As with Liberalism elsewhere, Liberalism in Mexico emphasized secular education as a path forward toward equality before the law. In the colonial era, there were limited opportunities for Mexican girls and women, but with the establishment of secular schools in the middle of the nineteenth century, girls had greater access to education, while women entered the teaching profession. Quite a number of them became advocates for women's rights, becoming active in politics, founding journals and newspapers, and attending international conferences for women's rights. Women teachers were part of the new middle class in Mexico, which also included women office workers in the private sector and government. Women also became involved in general improvement in society, including better hygiene and nutrition. Toward the end of the Porfiriato, the period when General Porfirio Díaz ruled Mexico (1876-1910), women began pressing for legal equality and the right to vote. The largest sector of Mexico's population was rural and indigenous or mixed-race, so that the movement for women's equality was carried forward by a very small sector of educated, urban women.[17]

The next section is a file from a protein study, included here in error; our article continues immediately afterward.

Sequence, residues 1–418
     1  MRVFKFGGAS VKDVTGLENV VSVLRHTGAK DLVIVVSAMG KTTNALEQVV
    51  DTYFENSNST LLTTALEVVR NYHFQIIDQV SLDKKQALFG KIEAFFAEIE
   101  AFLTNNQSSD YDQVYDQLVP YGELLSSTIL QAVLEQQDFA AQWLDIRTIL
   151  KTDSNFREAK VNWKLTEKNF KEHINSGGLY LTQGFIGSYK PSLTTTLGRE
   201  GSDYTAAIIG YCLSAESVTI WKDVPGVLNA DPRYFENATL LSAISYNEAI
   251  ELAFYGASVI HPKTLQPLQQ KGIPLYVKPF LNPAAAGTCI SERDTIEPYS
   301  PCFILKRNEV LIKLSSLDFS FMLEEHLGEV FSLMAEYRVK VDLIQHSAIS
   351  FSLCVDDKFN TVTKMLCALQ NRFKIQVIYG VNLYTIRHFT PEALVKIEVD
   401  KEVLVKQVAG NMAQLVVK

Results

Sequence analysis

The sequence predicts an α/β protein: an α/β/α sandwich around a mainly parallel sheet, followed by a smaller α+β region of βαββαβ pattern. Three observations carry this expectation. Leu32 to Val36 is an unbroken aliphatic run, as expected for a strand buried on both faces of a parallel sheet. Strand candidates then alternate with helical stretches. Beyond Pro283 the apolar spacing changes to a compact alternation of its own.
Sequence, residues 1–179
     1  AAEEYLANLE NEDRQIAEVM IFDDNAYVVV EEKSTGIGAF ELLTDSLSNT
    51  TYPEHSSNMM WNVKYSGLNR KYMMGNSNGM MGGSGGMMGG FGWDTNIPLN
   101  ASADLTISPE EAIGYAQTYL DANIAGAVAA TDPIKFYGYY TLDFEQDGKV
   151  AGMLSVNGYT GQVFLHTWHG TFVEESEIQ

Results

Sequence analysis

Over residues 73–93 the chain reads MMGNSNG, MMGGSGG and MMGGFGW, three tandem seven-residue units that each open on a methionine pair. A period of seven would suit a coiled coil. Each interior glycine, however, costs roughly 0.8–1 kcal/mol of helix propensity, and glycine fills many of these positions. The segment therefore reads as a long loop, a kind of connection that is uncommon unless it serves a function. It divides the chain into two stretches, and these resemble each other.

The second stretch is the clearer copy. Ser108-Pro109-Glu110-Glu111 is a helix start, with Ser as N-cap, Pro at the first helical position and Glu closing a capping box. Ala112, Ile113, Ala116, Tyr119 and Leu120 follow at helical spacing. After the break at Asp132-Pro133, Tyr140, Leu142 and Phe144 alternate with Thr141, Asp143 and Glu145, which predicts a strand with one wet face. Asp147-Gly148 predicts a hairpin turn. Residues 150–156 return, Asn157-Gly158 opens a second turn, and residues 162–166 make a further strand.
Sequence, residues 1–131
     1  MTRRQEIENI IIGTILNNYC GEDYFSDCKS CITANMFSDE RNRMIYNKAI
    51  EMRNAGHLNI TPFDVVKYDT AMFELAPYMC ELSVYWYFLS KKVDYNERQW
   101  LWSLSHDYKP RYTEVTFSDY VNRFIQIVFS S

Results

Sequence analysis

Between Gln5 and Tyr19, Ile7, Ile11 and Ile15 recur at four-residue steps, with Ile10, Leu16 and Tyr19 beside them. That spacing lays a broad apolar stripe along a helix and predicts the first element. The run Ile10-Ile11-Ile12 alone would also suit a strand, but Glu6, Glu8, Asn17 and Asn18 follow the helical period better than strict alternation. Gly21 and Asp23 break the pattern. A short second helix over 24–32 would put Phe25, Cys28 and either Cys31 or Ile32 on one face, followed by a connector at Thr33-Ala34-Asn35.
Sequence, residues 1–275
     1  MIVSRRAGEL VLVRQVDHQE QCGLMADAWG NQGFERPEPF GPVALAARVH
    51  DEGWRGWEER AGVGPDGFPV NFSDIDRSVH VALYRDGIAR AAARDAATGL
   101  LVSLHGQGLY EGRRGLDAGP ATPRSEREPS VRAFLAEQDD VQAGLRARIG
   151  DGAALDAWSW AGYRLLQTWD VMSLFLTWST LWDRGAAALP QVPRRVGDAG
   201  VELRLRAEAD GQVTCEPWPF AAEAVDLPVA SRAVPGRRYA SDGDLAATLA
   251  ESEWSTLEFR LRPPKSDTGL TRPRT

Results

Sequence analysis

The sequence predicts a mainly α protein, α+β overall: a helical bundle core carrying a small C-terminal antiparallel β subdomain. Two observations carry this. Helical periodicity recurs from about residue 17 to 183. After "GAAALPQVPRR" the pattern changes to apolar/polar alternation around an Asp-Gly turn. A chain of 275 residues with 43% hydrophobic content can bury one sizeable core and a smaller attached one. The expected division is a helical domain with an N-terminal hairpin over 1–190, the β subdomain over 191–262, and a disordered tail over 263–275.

Mexican Revolution and its Consolidation, 1910-1940

See also: Soldaderas, Feminism in Mexico, and Women's suffrage in Mexico

Depiction of «adelitas», or Soldaderas, of the Mexican Revolution.